Creating Devices for the Clinic

Deciding Which Seeds Are Worth Watering

For every great idea–for every great solution to a problem–there are a thousand ideas that fall by the wayside, discarded along the path that begins at the first flash of insight and ends in a working solution. Translational medicine often follows this twisty path, especially in the realm of developing new medical devices.

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From the Deputy Director for Intramural Research

Data Sharing: Greater Than the Sum of All Parts

Aristotle’s saying “The whole is greater than the sum of its parts” is as true today as it was in the mid-300s B.C.E., especially when it comes to sharing genomic and other kinds of biomedical data.

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Alumni News

Looking Past the Glitz

Theodore Friedmann: The Father of Gene Therapy

NIH alum Theodore Friedmann may be too modest to brag about his pioneering role in gene-therapy research, but the Japan Prize Foundation sure wasn’t when it bestowed its prestigious prize on him and two other scientists earlier this year.

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Recognition of Brilliant Scientific Work

NIH’s Two New National Academy of Sciences Members

Alan Hinnebusch (NICHD) and Warren Leonard (NHLBI) were recently elected to the National Academy of Sciences.

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Colleagues: Recently Tenured

Meet your recently tenured colleagues: Edward Giniger (NINDS); Hormuzd Katki (NCI_DCEG); Hisataka Kobayashi (NCI-CCR): Keir Neuman (NHLBI, pictured); and Charles Venditti (NHGRI).

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News Briefs

V.I.P.s from China met with U.S. health officials at NIH recently; new directors have been appointed to head two institutes; and a Congressman visited NIDA labs.

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Research Briefs

Research highlights: advances in diagnosing coronary heart disease; high-resolution 3D images reveal the muscle mitochondrial power grid; trash-collecting cells go awry and accelerate damage in a blinding eye disease; placenta-on-a-chip lets researchers study the inner workings of the human placenta; body-weight planner is a new resource for achieving healthy weight; a protein plays a significant role in fertilization.

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Is Cancer Mainly Bad Luck? (Web Exclusive)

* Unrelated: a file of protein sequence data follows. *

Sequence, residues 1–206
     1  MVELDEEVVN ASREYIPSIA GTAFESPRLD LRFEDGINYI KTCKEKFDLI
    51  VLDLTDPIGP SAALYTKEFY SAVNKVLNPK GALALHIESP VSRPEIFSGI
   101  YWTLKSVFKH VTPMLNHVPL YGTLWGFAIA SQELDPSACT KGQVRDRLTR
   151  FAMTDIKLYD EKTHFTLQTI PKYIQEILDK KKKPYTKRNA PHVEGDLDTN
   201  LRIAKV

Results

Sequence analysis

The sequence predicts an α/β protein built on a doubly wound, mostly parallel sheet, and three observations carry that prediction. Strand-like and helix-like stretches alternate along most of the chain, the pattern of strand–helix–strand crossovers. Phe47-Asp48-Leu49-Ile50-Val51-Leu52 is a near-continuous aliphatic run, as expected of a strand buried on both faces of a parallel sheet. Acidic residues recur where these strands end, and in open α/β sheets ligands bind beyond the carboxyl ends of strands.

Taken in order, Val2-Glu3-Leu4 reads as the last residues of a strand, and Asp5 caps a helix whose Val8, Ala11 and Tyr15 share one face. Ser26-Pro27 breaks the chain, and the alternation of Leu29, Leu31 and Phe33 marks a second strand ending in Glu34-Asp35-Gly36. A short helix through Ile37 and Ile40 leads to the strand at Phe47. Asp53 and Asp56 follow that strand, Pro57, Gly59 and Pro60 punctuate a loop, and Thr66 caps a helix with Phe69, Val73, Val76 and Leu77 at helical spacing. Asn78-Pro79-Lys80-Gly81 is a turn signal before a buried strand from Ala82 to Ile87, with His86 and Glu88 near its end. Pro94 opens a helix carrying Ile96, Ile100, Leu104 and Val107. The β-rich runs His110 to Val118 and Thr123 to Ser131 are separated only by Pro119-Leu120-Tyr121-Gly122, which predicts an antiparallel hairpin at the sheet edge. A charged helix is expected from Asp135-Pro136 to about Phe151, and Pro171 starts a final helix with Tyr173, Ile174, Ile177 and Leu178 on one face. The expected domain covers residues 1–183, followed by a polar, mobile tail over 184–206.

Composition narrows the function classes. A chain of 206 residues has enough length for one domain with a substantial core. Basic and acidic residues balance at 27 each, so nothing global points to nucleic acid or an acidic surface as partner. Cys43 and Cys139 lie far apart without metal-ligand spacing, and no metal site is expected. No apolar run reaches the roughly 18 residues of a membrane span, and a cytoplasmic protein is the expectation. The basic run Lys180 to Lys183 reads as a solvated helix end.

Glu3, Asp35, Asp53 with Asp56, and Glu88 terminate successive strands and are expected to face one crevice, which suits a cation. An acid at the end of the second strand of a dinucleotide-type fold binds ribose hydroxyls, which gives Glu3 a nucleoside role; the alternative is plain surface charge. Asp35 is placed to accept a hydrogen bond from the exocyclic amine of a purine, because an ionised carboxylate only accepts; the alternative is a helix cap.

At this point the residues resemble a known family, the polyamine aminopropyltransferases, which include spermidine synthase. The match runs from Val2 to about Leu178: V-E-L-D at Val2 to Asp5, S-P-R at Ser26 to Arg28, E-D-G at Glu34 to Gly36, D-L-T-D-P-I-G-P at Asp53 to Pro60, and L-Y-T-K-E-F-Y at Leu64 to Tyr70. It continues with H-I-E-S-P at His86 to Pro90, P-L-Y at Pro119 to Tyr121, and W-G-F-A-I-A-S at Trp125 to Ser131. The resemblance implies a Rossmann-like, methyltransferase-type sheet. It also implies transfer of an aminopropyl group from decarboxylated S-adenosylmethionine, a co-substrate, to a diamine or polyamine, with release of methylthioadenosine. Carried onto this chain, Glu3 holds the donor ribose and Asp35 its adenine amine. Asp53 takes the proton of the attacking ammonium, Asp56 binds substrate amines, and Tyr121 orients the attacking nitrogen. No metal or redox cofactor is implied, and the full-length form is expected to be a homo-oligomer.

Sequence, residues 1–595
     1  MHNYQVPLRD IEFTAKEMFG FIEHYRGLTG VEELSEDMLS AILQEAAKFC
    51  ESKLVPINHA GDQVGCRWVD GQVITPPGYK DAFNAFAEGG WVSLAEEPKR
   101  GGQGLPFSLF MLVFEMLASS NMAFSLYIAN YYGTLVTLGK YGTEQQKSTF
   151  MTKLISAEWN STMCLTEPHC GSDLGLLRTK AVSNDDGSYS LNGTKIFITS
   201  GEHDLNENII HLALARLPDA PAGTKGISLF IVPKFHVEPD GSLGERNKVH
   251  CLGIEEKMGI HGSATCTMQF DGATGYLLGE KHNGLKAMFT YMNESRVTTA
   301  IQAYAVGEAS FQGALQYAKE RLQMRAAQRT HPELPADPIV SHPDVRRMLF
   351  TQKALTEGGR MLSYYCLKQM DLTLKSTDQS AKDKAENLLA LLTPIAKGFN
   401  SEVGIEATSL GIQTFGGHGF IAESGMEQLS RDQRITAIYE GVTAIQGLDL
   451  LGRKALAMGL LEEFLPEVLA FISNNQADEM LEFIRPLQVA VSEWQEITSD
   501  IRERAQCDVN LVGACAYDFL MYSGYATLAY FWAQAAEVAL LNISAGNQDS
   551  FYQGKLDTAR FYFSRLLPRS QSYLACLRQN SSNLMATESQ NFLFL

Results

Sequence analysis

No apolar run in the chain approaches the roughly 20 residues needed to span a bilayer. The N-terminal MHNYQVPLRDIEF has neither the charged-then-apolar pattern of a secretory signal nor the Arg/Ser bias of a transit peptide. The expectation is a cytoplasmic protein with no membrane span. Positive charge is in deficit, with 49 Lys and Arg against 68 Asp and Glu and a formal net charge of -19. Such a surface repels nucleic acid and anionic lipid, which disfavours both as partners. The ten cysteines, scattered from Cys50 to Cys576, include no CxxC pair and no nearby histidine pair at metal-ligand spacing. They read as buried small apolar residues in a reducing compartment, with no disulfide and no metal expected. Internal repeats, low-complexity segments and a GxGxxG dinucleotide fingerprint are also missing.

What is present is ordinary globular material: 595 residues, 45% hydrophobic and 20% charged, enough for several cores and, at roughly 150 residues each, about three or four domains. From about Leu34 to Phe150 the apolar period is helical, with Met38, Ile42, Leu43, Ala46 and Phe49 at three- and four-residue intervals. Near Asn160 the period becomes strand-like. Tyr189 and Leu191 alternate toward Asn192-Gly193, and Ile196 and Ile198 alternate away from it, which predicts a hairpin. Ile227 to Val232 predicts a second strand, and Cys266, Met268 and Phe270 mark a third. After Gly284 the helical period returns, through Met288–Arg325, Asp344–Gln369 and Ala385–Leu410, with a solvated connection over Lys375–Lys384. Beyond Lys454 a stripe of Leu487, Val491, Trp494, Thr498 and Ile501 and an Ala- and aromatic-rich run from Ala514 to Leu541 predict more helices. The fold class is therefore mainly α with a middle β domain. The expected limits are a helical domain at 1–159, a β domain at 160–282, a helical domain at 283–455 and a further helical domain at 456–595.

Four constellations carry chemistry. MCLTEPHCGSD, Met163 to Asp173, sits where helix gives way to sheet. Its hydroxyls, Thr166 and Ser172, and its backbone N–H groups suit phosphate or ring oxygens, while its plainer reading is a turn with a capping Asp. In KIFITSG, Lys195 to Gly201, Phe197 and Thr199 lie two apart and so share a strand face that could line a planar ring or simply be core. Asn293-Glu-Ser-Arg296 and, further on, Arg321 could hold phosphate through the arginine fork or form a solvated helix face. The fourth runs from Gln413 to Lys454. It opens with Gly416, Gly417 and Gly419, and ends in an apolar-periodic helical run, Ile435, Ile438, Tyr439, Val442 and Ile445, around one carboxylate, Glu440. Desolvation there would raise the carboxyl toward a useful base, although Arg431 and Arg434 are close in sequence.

NIEHS Scientists Are Not Convinced

A study published in the January 2, 2015, issue of Science that suggests that cancer is mainly bad luck spurred National Institute of Environmental Health Sciences biostatisticians to take a closer look at how the data were interpreted.

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Three-Minute Talks

A Short and Sweet Way to Communicate Science

Who doesn’t want to brag about their research? But how quickly can you do it?

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Photographic Moment

A happy honey bee found its way to NIH.

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Photographic Moment (Web Exclusive)


While waiting for the shuttle bus inside the NIH gate, one Friday morning in August, Francisco Sy took this photo with his iPhone. Sy is the director of the Office of Community-Based Participatory Research and Collaboration, in the National Institute on Minority Health and Health Disparities.

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Hope, Science, and Miracles

The NIH Children’s Inn Celebrates 25 Years


“Those of us who come here, our heart in our hand[s], [hope] for a miracle.”

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The Training Page


Curiosity of Curiologie

Two seventh-grade girls were intently watching three nightcrawlers (earthworms) positioned on a table between wet and dry paper towels. Which direction would they go, the girls wondered. Meanwhile, a previously sassy and nonchalant classmate peered over their shoulders and squealed, “O M G [oh my God], it moved!”

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Check out what’s happening at NIH.

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The SIG Beat


Check out the new SIGS: Developmental Biology; Trans-NIH Biomarkers in Pediatric Therapeutics; Pulmonary Vascular Diseases; and Single-Cell Genomics

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